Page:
Excerpted from: Sylvia A. Law, Right to Health Care That Cannot Be Taken Away: the Lessons of Twenty-five Years of Health Care Advocacy, 61 Tennessee Law Review 771 (Spring 1994) (82 Footnotes) (Full Document)
For almost twenty-five years I have worked with colleagues in public interest practice and with low-income clients on issues of welfare and health care. It is a very special pleasure to reflect on this experience here in Tennessee, home to some of the nation's most effective health law advocates. Middle Tennessee Legal Services, Rural Legal Services of Tennessee, Gordon Bonnyman, Lenny Croce, and Neil McBride have all earned national reputations for excellence in implementing the ideals I advocate in this lecture.
I address here the lessons of our history of advocacy for low-income people seeking health care services. I will use this history to assess President Clinton's proposed Health Security Act. The Clinton health plan is often called the most important domestic legislation since the Civil Rights Act and the Voting Rights Act of the mid-1960s, or even since the New Deal. While I focus on the Clinton administration's proposal, the issues addressed arise in any health care system. My analysis of the Clinton plan relies on the work of a broad coalition of health care advocates who are now seeking improvements in the administration's proposal.
In 1965 I was a civil rights organizer who went to law school to improve my capacity to make social change and to earn a living. As a student, I worked for Mobilization for Youth (MFY), on New York's Lower East Side. I got to know the late Edward V. Sparer, one of the wisest leaders of welfare and health law advocacy the nation has ever known. Sparer founded MFY--the first neighborhood legal services program in the United States. It developed a model of community-controlled legal services that was followed by the federal government when it created the national legal services program. Sparer went on to create the first legal services backup center, the Center for Social Welfare Policy and Law, where I worked upon graduation from law school.
Both Ed and I were initially drawn to welfare advocacy by the brutal problems confronting poor women with children. A key principle of this initial legal services program was that the lawyer's job is to empower clients, not to impose the lawyer's values or even to win things for people. Thus much effort went to supporting clients and community organizers who sought to organize the poor to fight for themselves. For several years the National Welfare Rights Organization (NWRO) was an effective advocate for its members and Sparer served as its general counsel. While the NWRO and their lawyers achieved some important and lasting victories for welfare recipients, by the early 1970s it was apparent to Sparer that it was not possible to achieve deep social change with a constituency that consisted solely of poor women with children. Thus, in 1969, Sparer turned to health care advocacy as a means to address issues of mutual concern to people who are poor and those who are not. He was a principal founder of the Health Law Project and the National Health Law Program. I have been blessed to work with both of these groups.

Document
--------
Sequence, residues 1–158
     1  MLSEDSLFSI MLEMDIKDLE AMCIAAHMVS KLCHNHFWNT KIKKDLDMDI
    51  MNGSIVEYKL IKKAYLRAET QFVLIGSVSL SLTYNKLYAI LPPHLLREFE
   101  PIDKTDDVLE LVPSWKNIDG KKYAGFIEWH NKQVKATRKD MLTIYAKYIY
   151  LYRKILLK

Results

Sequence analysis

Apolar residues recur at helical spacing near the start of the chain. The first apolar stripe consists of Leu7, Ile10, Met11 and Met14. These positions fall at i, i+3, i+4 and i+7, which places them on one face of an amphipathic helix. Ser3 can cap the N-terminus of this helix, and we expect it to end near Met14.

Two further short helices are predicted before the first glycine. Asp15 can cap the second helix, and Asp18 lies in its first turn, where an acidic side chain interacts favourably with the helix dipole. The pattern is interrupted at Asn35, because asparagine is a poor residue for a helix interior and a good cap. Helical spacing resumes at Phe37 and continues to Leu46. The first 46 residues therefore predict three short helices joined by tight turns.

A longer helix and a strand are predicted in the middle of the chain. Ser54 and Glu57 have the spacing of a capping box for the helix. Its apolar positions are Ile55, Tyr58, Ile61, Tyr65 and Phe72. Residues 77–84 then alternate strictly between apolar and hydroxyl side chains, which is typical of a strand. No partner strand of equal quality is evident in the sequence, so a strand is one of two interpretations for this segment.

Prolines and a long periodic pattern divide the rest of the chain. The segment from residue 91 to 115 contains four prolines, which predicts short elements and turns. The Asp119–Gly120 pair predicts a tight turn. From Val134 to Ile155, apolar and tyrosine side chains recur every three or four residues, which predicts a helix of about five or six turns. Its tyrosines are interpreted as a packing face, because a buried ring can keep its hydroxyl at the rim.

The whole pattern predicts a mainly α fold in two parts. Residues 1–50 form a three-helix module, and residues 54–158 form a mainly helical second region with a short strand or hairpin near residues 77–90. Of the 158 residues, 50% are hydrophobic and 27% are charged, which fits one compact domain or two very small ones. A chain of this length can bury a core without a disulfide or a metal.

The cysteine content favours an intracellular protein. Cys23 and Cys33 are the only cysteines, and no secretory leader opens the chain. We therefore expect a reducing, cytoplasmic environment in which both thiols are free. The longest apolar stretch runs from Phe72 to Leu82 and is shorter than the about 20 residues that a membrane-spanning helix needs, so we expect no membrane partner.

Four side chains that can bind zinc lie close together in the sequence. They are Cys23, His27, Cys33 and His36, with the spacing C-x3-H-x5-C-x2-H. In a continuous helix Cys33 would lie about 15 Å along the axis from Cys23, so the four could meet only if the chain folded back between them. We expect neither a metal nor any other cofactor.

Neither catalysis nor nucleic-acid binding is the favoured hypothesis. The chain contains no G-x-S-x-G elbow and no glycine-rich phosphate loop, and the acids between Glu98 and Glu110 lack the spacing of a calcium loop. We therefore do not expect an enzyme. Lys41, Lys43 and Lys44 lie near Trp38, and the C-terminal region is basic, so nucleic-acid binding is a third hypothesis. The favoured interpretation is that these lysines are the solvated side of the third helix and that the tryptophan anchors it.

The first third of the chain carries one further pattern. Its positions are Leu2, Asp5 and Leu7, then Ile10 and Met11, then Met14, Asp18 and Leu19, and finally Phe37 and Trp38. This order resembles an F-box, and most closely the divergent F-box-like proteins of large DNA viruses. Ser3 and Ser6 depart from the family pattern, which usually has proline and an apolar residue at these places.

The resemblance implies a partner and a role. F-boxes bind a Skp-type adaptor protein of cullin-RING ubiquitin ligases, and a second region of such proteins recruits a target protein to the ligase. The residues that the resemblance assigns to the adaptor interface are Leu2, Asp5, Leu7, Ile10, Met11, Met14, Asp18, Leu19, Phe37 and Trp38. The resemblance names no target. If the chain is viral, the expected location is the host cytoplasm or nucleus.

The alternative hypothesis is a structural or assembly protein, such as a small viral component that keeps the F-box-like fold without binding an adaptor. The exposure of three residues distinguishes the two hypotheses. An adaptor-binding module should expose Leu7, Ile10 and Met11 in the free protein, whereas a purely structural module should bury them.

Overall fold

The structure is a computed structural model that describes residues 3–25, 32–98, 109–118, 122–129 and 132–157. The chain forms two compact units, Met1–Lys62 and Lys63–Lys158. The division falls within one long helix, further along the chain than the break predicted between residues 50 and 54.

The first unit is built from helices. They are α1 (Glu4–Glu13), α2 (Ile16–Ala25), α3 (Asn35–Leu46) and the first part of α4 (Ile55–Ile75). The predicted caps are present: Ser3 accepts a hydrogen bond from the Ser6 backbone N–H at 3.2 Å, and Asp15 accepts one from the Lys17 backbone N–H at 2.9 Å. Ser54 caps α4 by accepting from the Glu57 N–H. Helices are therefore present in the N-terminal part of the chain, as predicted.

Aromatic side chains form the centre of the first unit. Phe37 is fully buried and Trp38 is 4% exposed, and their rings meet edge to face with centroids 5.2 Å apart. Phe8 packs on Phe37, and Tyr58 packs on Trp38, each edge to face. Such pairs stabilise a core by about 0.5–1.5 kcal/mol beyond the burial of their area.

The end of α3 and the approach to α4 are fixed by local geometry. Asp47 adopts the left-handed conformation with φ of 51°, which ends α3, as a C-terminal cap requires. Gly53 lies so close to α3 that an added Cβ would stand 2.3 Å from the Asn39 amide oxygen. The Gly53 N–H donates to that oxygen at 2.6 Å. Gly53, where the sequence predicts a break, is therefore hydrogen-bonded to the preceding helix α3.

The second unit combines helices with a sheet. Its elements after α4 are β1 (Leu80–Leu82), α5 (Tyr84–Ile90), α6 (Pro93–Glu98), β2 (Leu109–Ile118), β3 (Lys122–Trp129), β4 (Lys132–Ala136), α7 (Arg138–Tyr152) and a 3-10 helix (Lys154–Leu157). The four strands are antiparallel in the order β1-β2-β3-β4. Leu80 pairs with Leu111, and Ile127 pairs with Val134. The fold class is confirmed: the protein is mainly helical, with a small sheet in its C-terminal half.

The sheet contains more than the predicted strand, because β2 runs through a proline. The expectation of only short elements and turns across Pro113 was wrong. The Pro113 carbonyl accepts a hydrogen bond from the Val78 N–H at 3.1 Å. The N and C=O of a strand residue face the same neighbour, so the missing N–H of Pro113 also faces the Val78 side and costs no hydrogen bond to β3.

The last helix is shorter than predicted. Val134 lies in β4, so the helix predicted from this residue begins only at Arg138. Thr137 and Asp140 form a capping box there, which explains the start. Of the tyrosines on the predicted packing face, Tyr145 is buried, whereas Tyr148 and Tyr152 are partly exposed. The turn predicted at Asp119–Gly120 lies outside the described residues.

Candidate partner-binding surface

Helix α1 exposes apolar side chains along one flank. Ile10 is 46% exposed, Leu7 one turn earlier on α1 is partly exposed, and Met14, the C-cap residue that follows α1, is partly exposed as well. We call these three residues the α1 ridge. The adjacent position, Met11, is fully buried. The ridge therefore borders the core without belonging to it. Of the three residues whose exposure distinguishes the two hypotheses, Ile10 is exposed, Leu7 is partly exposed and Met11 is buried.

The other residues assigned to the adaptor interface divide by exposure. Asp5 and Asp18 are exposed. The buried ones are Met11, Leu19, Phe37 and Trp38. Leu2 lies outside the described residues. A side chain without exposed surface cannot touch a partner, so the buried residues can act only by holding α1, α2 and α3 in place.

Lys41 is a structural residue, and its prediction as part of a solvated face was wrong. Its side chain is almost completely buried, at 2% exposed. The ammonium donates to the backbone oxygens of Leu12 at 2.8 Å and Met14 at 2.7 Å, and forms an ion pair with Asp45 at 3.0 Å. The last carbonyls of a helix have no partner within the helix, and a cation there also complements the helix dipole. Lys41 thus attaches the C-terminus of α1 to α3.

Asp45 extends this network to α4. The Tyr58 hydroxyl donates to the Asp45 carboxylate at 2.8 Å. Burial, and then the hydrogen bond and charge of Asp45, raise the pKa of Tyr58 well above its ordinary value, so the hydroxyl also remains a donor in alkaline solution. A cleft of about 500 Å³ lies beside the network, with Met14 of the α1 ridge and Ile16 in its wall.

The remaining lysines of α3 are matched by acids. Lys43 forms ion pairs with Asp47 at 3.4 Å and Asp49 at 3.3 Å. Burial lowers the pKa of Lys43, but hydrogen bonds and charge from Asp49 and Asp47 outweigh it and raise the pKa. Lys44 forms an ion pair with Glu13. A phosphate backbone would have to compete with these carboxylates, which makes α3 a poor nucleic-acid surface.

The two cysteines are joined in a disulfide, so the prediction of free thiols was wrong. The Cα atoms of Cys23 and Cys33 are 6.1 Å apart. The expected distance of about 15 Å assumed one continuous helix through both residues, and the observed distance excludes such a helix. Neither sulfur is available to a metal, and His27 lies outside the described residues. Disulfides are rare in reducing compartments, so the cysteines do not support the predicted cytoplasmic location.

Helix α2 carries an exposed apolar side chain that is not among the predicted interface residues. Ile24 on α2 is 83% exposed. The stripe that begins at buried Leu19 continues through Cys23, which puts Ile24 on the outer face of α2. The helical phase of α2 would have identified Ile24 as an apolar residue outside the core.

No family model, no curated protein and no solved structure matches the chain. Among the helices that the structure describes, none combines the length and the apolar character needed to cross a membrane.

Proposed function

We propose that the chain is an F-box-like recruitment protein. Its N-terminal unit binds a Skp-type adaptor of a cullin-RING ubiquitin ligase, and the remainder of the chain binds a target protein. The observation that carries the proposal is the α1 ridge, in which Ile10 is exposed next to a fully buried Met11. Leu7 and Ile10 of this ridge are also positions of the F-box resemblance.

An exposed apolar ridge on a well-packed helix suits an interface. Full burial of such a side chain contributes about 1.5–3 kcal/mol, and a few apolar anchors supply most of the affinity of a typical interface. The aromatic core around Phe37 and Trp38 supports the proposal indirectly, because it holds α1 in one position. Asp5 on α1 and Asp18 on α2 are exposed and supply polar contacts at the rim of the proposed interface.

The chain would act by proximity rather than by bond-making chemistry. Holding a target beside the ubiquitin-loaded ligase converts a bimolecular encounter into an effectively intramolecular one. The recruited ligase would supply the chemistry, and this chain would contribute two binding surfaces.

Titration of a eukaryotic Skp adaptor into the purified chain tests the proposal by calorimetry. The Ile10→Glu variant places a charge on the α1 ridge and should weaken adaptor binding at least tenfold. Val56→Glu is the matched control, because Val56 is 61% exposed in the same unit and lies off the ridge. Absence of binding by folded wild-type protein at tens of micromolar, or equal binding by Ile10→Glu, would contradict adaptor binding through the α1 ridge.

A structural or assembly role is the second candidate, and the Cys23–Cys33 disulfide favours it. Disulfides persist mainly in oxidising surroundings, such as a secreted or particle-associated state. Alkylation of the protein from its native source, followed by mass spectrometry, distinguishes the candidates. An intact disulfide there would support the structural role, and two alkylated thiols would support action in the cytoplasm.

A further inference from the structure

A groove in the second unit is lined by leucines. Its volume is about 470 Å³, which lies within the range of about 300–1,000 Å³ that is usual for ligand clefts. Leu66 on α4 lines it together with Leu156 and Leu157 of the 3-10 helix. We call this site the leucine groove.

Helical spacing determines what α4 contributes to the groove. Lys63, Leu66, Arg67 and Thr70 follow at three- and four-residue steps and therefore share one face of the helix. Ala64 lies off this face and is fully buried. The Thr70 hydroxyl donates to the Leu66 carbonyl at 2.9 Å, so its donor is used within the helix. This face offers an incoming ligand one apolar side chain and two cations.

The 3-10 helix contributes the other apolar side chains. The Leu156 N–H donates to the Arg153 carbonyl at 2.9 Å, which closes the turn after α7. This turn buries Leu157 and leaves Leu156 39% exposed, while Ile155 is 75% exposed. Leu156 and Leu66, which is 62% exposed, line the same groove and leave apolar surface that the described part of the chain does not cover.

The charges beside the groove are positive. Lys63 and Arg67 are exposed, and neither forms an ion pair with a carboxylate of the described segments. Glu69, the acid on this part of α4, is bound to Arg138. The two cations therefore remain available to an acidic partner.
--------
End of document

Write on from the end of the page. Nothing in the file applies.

Here are some lessons I have learned from thirty years of health advocacy.
[. . .]
Lesson No. 1: Programs That Serve Only the Poor Tend to Be Poor Programs.
Lesson No. 2: Effective Health Law Advocacy Is Forward-Looking, Multifaceted, and Systemic.
Lesson 3: “A Right to Health Care That Cannot Be Taken Away” Requires Access to Effective Remedies to Make It Real.
Lesson No. 4: Independent Advocates Are Essential to Enforce the “Right to Health Care That Cannot Be Taken Away.”
Lesson No. 5: Given Deep Patterns of Racism and Sexism in American Health Care, These Problems Will Persist Unless They Are Exposed and Challenged.
Lesson No. 6: Neither Individual Rights Nor Individual Purchasing Choices Are Sufficient to Produce Quality Medical Services. Organized Consumer Voice Is Essential.
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In the spring of 1994, when the Charles Henderson Miller Lecture was delivered, it seemed likely that some form of national health reform would be adopted by the 103rd Congress. As this Article goes to press a few months later, Congress has adjourned without adopting the most minor measure to address the nation's health care problems.
Many factors contributed to the failure of the proposed Health Security Act. Republicans and conservative commentators see the failure of health reform as a resounding rejection of government, liberalism, and social reform. Progressives and supporters of a government-sponsored single payor plan believe that the Clinton proposal was too moderate. Retaining a significant role for private insurance required a complex regulatory structure to restrain the excesses of the profit motive and failed to offer the public a clear choice. Certainly the lobbyists for the insurers and other special interests were a major factor in defeating health reform.
Public opinion polls suggest that there is some truth to all of these explanations. Fifty-six percent of Americans polled in September 1994 said that the Clinton plan had “too much government.” But an identical percentage also blamed “special interests and lobbyists” for the defeat of health care reform. Health care still ranks second behind crime as a top concern among voters, and Democrats still enjoy a nearly two-to-one advantage over Republicans in the public's mind as the party best able to improve the health care system. Whatever the future of health reform, the issues addressed here endure.
Elizabeth K. Dollard Professor of Law, Medicine, & Psychiatry, New York University; Director, Arthur Garfield Hays Civil Liberties Memorial Program.